Reader reviews and comments on Amy Falls Down, plus links to write your own review.

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Amy Falls Down

By Jincy Willett

Amy Falls Down
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  • Hardcover: Jul 2013,
    336 pages.
    Paperback: Jul 2014,
    336 pages.

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Catherine M. (Mankato, MN) (06/19/13)

Amy Falls Down
Jincy Willett's new book, Amy Falls Down, is an interesting read about a random accident that changes the life of a reclusive author. I must admit that I was challenged by Amy's complex, paradoxical nature: she's cloistered, yet gregarious; fearless in her writing, but fearful of life's obstacles; principled and opinionated, although and at times, halfhearted or apathetic. Even the book's synopsis describes her as "endearingly bitter." While reading, I was never quite sure which Amy would appear -- for an interview, during a phone conversation, or in her own thoughts. Having said this, I must admit that I liked her very much, incongruities, eccentricities, and all and I would love to have her for a friend. (Yes, I'm aware of the irony here!).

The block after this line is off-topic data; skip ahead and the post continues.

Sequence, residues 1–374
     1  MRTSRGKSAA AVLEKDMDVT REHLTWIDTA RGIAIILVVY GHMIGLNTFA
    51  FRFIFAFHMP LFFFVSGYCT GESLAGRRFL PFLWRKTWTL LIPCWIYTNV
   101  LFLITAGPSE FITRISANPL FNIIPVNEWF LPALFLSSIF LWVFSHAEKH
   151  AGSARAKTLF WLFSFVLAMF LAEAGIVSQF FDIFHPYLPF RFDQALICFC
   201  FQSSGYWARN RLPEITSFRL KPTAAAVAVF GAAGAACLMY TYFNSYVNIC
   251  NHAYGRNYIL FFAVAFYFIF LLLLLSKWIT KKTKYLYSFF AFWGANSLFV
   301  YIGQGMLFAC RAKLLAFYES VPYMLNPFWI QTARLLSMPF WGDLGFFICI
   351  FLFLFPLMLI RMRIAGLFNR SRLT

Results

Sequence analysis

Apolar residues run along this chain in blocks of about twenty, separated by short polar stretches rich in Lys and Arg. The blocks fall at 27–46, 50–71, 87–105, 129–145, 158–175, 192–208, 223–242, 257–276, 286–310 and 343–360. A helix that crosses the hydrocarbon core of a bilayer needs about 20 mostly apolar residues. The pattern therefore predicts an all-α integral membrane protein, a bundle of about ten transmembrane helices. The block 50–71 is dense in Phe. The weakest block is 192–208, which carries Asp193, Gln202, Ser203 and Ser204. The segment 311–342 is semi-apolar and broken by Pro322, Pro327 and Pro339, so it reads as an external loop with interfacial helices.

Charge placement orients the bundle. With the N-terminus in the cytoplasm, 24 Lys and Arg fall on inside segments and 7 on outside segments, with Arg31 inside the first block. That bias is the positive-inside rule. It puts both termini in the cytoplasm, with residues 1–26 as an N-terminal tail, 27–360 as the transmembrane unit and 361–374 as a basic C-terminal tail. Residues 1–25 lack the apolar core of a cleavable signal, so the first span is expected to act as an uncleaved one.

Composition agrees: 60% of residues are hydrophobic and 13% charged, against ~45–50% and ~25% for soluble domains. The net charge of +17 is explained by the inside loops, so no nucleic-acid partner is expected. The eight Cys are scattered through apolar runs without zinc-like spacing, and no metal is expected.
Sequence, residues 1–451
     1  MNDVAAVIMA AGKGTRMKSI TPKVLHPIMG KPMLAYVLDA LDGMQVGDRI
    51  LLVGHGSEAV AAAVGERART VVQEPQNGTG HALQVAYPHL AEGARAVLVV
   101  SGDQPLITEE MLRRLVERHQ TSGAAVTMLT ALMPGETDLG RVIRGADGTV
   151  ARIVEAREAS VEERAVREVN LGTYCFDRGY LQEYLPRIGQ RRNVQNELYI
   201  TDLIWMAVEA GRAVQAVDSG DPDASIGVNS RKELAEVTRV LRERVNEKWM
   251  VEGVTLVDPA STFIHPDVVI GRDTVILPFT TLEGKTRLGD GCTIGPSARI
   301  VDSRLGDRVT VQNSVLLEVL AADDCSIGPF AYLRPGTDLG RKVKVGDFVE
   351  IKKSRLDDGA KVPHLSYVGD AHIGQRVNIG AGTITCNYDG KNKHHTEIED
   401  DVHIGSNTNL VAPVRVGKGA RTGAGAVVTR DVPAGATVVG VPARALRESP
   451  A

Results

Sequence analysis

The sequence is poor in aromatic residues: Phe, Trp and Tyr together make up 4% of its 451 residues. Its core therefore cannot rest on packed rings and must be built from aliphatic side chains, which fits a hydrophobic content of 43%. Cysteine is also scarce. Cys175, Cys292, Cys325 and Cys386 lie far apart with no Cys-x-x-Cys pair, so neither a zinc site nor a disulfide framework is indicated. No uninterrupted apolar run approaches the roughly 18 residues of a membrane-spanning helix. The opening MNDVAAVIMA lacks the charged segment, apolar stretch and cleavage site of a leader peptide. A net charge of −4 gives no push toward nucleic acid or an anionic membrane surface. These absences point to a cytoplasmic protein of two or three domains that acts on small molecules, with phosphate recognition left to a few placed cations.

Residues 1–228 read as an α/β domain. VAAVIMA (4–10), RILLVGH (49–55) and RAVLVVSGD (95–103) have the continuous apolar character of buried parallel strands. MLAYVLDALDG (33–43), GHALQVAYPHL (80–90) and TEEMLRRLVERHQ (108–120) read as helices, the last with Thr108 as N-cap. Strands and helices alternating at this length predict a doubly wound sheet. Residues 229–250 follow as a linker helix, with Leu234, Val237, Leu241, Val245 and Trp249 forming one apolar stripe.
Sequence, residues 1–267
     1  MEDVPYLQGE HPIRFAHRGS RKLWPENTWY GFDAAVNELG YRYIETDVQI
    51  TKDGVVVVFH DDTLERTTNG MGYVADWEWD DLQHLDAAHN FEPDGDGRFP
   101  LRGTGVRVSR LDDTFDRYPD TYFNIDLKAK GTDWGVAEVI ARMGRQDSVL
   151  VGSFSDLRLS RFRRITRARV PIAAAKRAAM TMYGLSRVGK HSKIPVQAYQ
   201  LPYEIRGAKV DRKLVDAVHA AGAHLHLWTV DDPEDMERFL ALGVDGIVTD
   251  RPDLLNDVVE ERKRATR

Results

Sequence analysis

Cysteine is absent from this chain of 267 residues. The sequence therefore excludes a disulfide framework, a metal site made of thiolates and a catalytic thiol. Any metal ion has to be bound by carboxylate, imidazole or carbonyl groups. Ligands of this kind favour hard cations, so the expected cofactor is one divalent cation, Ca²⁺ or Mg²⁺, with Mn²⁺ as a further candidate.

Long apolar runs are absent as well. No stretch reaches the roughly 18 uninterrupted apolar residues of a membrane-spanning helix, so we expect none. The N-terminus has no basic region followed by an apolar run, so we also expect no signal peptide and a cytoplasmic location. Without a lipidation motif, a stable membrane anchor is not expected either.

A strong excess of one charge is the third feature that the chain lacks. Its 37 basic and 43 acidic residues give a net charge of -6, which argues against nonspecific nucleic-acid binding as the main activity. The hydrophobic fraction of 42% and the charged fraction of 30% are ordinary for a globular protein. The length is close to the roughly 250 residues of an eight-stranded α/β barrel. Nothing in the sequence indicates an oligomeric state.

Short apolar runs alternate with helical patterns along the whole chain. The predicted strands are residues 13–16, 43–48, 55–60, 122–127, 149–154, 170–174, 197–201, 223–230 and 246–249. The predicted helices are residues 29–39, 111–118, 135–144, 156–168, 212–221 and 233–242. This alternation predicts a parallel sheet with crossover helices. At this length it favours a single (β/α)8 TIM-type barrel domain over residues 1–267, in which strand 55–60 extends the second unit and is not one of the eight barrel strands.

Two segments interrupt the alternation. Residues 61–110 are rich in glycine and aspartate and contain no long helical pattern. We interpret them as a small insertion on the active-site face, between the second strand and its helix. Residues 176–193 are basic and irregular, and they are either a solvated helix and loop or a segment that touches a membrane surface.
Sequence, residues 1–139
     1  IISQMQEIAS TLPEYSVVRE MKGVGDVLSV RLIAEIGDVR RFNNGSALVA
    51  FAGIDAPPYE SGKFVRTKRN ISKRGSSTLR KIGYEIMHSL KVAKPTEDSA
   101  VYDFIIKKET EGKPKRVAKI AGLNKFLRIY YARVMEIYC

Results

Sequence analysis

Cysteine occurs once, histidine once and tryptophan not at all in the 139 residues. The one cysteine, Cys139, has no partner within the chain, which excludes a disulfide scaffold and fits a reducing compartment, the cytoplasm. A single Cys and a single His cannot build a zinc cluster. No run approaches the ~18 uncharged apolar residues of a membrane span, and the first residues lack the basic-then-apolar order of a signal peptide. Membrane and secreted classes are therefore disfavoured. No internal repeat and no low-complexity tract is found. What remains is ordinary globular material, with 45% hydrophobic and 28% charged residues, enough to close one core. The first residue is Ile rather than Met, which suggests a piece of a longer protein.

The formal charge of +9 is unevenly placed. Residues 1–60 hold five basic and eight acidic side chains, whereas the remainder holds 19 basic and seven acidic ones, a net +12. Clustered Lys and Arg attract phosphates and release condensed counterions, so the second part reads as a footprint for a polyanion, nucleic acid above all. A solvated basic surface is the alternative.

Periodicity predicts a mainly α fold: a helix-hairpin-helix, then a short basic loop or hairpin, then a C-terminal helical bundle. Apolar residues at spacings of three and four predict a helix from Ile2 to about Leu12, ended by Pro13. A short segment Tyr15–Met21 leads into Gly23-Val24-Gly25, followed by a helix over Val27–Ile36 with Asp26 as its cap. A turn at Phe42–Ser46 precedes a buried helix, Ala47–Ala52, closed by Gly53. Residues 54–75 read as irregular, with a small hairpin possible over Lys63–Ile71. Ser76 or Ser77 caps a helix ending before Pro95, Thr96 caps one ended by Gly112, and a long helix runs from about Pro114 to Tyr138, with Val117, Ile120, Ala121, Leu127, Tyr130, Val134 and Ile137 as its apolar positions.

Lauren T. (Orlando, FL) (06/19/13)

Amy Falls Down
I loved this book. When I learned that Amy Falls Down is about the same character, Amy Gallup, as Jincy Willett's earlier novel, The Writing Class, I read The Writing Class first. You don't have to read it before you read Amy falls down, but I'm glad I did. I felt I knew Amy already and liked her. She's a normal person, with a normal person's faults, and she's not afraid to tell the reader about them. This book is smart and fun and a great read. I wanted it to go on forever. I hope Ms. Willett writes more about Amy. I want to know what happens to her next.